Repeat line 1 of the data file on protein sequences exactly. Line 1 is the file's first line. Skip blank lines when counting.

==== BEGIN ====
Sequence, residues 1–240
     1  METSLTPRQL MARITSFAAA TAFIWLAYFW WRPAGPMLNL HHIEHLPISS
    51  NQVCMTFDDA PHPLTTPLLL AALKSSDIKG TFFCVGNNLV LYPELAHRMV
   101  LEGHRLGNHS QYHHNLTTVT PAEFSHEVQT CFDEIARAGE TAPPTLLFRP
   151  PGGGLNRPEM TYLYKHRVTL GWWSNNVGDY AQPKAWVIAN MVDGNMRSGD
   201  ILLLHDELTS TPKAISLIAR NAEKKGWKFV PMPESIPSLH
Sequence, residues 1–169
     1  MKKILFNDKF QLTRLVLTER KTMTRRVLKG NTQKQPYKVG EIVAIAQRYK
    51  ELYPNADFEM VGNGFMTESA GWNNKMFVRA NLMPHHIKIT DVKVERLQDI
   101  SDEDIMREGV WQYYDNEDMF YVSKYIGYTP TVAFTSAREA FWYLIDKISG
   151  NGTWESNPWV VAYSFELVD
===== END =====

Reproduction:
Sequence, residues 1–240